The SC judgement dealt especially with the Nilgiri elephant corridor of Tamil Nadu. That corridor is the Sigur Plateau, with a width of 1.5 kilometres and length of 22 kilometres. It connects the Western and the Eastern Ghats and sustains elephant and tiger populations and their genetic diversity. The Plateau has the Nilgiri Hills on its south-western side and the Moyar River Valley on its north-eastern side. The South-West monsoon is active between June and September in the Western Ghats and the North-East monsoon is active between October and January in the Eastern Ghats.
Depending on the rainy seasons, the elephants migrate in search of food and water and during the course of their migration, they have to cross the Sigur Plateau. This elephant corridor acts as an important link connecting the protected areas of Tamil Nadu and Kerala. This migratory path is considered to be very crucial connecting several contiguous protected areas forming the Nilgiri Biosphere Reserve, the largest protected forest area in India. This reserve supports over 6,300 elephants. The Nilgiri Biosphere reserve, which includes Sigur Plateau and the Nilgiri Hills, is part of the UNESCO World Network of Biosphere Reserves.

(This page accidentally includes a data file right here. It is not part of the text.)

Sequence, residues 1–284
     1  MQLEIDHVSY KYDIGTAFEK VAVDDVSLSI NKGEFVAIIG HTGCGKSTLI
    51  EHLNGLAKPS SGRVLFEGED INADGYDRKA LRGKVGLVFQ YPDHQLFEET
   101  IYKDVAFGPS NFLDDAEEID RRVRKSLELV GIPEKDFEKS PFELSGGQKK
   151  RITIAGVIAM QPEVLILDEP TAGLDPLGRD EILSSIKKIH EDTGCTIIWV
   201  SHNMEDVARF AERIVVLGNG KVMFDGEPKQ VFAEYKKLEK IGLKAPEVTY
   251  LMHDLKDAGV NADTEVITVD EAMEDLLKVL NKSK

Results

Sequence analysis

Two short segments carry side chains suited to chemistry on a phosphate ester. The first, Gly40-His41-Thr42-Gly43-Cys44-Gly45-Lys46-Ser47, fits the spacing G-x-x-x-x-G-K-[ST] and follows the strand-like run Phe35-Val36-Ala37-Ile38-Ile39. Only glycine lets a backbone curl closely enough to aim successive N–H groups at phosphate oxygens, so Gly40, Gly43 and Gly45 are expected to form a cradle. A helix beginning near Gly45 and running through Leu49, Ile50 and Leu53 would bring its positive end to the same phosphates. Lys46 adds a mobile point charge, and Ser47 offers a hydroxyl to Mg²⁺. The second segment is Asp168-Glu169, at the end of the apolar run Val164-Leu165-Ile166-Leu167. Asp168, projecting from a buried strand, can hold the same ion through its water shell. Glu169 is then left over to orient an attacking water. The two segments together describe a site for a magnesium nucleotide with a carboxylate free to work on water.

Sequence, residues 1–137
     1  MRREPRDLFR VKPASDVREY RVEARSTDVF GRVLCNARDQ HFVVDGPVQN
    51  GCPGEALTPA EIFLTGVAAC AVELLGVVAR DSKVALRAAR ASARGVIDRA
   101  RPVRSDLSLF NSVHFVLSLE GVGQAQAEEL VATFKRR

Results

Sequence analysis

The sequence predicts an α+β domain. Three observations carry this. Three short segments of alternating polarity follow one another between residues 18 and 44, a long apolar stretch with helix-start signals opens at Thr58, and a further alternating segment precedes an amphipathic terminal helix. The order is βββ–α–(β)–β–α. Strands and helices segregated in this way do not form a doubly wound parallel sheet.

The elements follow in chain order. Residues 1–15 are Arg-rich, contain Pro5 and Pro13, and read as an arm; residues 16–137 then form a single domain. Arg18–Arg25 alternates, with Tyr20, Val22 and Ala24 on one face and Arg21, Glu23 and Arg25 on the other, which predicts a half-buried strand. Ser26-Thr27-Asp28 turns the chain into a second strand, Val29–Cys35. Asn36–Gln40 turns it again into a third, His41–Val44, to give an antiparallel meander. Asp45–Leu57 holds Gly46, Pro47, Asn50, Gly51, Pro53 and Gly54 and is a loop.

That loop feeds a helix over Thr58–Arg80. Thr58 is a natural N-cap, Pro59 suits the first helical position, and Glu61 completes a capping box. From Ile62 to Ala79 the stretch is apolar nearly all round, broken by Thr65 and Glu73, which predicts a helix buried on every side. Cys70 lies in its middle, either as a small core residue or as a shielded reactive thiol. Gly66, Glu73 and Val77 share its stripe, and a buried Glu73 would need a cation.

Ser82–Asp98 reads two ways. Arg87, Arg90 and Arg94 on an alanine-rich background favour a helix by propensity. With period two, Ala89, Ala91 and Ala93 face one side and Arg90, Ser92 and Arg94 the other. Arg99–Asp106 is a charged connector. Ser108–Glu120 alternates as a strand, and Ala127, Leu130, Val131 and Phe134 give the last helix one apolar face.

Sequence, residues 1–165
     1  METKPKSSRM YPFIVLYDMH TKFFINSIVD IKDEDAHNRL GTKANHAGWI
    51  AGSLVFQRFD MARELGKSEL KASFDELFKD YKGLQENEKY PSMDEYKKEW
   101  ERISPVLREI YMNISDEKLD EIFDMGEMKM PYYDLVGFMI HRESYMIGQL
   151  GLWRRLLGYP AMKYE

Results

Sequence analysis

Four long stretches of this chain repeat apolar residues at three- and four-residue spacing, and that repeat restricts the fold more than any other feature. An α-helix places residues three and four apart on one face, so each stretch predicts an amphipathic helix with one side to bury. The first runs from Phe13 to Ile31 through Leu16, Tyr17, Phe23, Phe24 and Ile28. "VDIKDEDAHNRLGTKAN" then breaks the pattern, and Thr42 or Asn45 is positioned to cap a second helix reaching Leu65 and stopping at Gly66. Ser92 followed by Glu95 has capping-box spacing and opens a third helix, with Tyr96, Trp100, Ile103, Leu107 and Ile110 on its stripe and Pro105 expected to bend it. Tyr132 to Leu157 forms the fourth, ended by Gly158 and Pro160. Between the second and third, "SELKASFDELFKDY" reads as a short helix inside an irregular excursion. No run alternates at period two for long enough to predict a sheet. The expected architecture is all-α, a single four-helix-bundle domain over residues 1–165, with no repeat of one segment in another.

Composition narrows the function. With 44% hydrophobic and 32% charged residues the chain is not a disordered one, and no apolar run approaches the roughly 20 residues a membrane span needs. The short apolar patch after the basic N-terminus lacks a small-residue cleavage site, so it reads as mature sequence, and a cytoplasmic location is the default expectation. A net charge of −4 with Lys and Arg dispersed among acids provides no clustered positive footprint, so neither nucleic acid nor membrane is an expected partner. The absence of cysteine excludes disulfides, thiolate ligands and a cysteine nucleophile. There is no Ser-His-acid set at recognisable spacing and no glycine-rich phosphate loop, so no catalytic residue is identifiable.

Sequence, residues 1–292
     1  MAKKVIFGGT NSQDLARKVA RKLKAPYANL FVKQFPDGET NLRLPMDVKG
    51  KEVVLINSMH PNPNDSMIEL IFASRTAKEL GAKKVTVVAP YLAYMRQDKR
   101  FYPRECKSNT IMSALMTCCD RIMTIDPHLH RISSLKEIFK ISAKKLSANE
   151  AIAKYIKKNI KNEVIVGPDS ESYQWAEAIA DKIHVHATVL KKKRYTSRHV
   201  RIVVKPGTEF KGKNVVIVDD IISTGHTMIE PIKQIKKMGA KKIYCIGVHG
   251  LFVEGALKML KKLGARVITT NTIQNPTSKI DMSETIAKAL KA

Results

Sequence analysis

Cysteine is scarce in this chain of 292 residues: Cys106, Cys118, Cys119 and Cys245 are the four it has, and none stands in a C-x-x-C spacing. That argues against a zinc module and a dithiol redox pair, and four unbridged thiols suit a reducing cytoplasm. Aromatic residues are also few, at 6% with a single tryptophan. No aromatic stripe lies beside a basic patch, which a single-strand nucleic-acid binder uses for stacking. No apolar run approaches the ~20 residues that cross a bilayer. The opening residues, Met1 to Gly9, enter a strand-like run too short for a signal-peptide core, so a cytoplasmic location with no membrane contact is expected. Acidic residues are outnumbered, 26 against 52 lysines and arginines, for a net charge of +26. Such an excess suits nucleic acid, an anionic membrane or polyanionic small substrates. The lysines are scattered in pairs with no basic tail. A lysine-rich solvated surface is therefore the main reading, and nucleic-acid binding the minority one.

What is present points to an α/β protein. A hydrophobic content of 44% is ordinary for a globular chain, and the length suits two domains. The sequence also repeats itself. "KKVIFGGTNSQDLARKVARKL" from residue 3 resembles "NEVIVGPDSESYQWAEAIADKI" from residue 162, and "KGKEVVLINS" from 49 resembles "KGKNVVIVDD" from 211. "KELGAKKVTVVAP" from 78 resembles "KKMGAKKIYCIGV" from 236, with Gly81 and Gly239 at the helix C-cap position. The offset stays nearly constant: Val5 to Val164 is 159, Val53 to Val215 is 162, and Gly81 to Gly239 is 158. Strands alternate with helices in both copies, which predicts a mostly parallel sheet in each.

The private resorts mentioned in the SC judgement, pose a serious threat of fragmentation and destruction of habitats, loss of connectivity between habitats due to construction of new buildings and erection of barbed and electric fences. Besides the local tour vehicle operators, the resort owners also indulge in operating night safaris, violating the provisions of the Indian Wildlife protection Act, 1972. The jeeps and trucks which are engaged in taking the tourists for watching the wildlife have also increased manifold in recent years.